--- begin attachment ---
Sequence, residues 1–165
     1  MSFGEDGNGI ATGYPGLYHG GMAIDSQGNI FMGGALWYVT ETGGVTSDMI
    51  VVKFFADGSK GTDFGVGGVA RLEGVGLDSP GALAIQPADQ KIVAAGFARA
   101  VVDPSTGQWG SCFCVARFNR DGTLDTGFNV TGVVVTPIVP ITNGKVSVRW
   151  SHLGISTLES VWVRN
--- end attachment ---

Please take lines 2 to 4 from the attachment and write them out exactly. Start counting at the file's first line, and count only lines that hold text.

     1  MSFGEDGNGI ATGYPGLYHG GMAIDSQGNI FMGGALWYVT ETGGVTSDMI
    51  VVKFFADGSK GTDFGVGGVA RLEGVGLDSP GALAIQPADQ KIVAAGFARA
   101  VVDPSTGQWG SCFCVARFNR DGTLDTGFNV TGVVVTPIVP ITNGKVSVRW